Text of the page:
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About noahdvs

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    Gaming, Audio & Music, Programming

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  1. So you came to a thread about appearances to rant about GNU and licensing you don't agree with... We get it, you're a *BSD fanboy.
  2. Well, like I said, it's a matter of taste. The GTK3 CSD header bars you can get with newer versions of Chrome and Firefox look awful to me and don't really save much in the way of screen space. You can't really call that theming inconsistency if it's consistent with the rest of the system. If you'll excuse the music, here's a video I found showing what the GTK3 CSDs currently look like in GNOME 3:
  3. You mean the title bar? That's more a matter of taste, but you can disable system title bars if you want. I use title bar menus, so the title bar serves a purpose on every application that exports and app menu (mostly Qt, but Electron apps and Chromium/Chrome do it too).
  4. Did you set the GTK2 and 3 themes to Breeze? Some distros do that by default, some don't.
  5. KDE has theming inconsistency? I'm not sure what you're talking about. What settings? KDE has more options for eye candy than most DEs.
  6. Every Linux distro. Just get a DE and a theme you like.
  7. Yes, it's safer than writing down your passwords or trying to remember them yourself. It allows you to use unique, long, randomly generated passwords for every account without having to remember any of them. Doing that greatly improves your security and keeps hackers from getting into other accounts even if they do get access to one of your accounts. I personally use KeePass though.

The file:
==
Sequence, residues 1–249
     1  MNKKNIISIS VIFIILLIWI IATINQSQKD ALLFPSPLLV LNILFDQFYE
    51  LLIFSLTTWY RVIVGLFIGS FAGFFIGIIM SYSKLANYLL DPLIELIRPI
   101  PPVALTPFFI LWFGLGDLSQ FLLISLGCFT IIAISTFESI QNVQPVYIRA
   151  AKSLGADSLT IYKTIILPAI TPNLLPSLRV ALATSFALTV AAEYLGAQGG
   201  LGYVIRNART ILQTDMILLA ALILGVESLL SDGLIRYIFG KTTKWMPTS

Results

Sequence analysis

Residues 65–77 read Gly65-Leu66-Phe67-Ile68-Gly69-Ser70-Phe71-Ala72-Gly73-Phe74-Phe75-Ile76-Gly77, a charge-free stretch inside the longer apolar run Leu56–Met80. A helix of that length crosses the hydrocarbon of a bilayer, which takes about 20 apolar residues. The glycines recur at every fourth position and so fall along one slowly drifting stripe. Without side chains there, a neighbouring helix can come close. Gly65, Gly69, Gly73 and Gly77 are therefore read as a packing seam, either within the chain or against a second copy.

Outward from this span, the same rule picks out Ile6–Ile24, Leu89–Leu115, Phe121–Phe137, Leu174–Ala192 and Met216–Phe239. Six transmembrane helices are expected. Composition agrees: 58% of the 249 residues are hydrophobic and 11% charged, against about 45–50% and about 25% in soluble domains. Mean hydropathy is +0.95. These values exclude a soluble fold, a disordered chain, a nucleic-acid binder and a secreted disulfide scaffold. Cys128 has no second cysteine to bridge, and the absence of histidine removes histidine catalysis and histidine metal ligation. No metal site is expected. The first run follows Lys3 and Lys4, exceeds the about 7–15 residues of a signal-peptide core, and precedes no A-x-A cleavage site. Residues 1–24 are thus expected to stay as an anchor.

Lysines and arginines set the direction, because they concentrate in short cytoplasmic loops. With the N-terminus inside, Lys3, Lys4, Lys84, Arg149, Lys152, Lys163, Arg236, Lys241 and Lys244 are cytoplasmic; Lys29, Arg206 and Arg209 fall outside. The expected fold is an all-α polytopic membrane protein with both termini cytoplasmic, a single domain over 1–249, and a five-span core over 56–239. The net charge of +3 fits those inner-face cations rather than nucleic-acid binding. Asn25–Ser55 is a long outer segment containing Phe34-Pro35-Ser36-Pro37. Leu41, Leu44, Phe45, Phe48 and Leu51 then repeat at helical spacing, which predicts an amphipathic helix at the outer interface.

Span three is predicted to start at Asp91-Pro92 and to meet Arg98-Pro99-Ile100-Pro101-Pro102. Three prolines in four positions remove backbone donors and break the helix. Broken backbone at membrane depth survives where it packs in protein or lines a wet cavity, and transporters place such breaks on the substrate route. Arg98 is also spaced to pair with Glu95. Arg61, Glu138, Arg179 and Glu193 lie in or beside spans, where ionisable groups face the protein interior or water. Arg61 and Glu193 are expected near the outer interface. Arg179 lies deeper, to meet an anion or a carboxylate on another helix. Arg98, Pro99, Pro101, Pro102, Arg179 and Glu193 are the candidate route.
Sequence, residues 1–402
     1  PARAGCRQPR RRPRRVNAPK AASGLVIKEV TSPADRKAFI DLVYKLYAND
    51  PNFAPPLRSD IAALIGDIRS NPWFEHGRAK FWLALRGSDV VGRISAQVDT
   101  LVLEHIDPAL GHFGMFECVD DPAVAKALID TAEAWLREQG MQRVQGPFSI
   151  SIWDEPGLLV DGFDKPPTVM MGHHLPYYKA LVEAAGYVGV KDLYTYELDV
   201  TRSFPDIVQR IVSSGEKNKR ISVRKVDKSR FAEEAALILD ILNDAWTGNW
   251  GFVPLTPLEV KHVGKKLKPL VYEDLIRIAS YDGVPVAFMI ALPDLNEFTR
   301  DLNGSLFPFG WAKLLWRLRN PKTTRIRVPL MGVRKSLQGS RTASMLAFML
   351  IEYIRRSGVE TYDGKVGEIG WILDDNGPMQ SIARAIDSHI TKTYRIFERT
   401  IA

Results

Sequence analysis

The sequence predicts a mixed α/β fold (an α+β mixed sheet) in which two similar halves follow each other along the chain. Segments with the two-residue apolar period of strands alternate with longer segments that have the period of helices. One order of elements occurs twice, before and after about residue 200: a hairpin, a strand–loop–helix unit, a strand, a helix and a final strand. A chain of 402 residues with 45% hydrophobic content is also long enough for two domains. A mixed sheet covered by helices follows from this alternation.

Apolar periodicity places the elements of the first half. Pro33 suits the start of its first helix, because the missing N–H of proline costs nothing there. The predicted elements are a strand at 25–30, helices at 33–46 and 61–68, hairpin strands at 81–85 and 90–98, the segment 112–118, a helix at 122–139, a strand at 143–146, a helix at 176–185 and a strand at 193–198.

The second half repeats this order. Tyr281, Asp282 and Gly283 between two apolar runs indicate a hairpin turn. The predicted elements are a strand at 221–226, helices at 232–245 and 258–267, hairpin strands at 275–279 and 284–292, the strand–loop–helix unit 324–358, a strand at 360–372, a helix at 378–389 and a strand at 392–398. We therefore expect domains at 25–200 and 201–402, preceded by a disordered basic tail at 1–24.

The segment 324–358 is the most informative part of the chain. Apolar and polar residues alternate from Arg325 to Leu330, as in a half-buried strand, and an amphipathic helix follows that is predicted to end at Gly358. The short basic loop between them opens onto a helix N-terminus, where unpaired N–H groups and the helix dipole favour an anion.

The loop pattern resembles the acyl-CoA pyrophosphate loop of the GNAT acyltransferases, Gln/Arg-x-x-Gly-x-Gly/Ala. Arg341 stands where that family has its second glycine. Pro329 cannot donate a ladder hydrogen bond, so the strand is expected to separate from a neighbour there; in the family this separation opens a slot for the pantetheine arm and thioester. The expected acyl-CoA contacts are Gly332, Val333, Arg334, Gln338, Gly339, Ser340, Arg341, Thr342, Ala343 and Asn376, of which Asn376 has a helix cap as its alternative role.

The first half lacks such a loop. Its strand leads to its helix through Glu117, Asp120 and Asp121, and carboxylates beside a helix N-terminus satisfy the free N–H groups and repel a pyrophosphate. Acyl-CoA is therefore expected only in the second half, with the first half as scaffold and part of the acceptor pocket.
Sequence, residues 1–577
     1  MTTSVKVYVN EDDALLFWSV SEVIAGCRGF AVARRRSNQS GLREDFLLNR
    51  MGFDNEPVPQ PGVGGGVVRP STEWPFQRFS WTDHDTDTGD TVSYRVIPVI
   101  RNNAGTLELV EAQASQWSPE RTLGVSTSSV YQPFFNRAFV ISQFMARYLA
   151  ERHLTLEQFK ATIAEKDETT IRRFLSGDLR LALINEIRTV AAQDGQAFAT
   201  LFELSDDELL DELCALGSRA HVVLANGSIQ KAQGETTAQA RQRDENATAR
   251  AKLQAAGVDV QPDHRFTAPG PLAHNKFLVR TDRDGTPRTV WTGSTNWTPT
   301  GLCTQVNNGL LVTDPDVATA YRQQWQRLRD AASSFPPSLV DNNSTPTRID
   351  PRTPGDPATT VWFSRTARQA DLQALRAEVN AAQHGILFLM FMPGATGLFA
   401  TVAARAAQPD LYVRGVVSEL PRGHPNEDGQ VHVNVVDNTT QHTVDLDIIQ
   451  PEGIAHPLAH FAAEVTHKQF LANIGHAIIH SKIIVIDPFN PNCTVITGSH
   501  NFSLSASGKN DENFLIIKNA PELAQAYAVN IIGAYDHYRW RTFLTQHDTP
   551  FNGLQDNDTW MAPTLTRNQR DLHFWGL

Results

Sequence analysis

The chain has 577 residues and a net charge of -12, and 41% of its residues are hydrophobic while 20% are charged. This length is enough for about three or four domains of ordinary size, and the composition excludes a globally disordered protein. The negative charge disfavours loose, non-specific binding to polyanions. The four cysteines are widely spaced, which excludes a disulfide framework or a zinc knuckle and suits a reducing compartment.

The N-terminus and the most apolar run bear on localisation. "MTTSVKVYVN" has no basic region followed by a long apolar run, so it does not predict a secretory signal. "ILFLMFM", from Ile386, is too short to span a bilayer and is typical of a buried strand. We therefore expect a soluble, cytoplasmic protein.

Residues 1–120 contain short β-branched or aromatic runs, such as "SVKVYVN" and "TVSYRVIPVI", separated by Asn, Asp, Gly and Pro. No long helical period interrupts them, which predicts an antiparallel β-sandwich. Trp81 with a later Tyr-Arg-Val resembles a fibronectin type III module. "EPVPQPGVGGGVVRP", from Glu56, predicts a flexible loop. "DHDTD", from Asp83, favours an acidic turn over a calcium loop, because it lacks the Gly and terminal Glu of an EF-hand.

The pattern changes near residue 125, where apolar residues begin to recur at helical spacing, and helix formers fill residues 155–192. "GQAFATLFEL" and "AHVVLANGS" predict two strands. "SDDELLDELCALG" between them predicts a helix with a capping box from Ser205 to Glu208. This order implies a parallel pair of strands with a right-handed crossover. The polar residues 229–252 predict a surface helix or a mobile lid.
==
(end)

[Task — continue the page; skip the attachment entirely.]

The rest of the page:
8. Android Studio comes with an Android emulator. Not sure about Windows, but it performs well enough on Linux.
  9. You know, Linux already has a large amount of customization and layouts. It's far more mature than Fuchsia, so you don't have to wait to try something new. You can also already answer texts from a Linux PC, sync notifications and use your Android phone as a remote control for the PC via KDEConnect and it's easy to use. What do you mean "actually understands the latest devices and actually connects them on an operating system level"? That's literally what an OS does. If it didn't understand and connect to them on an operating system level, they wouldn't work. Also, Fuchsia uses a microk
  10. You can make a Picroft: https://mycroft.ai/ If you have the Raspberry Pi 3 model B, you don't need a Bluetooth or WiFi adapter.
  11. You could always make the sound yourself. It depends on what kind of sound you're looking for, but there's a good chance it's not that hard.
  12. If you're dead broke and plan to use an emulator, I'd hope you spent any money you did have on a good PC or the emulator will run poorly. I'll be much easier to just buy HL2 on a Steam sale and plug in an XBox controller to play it.
  13. I know and that's good. I wasn't telling you to use IceWM, just telling @EPENEX that i3wm is not a good thing to recommend here. You seem like someone who just wants something light and simple with no hassles. i3wm is a highly configurable tiling window manager, so it would be quite different from what you're used to.
  14. IceWM would be more appropriate for the OP than i3wm.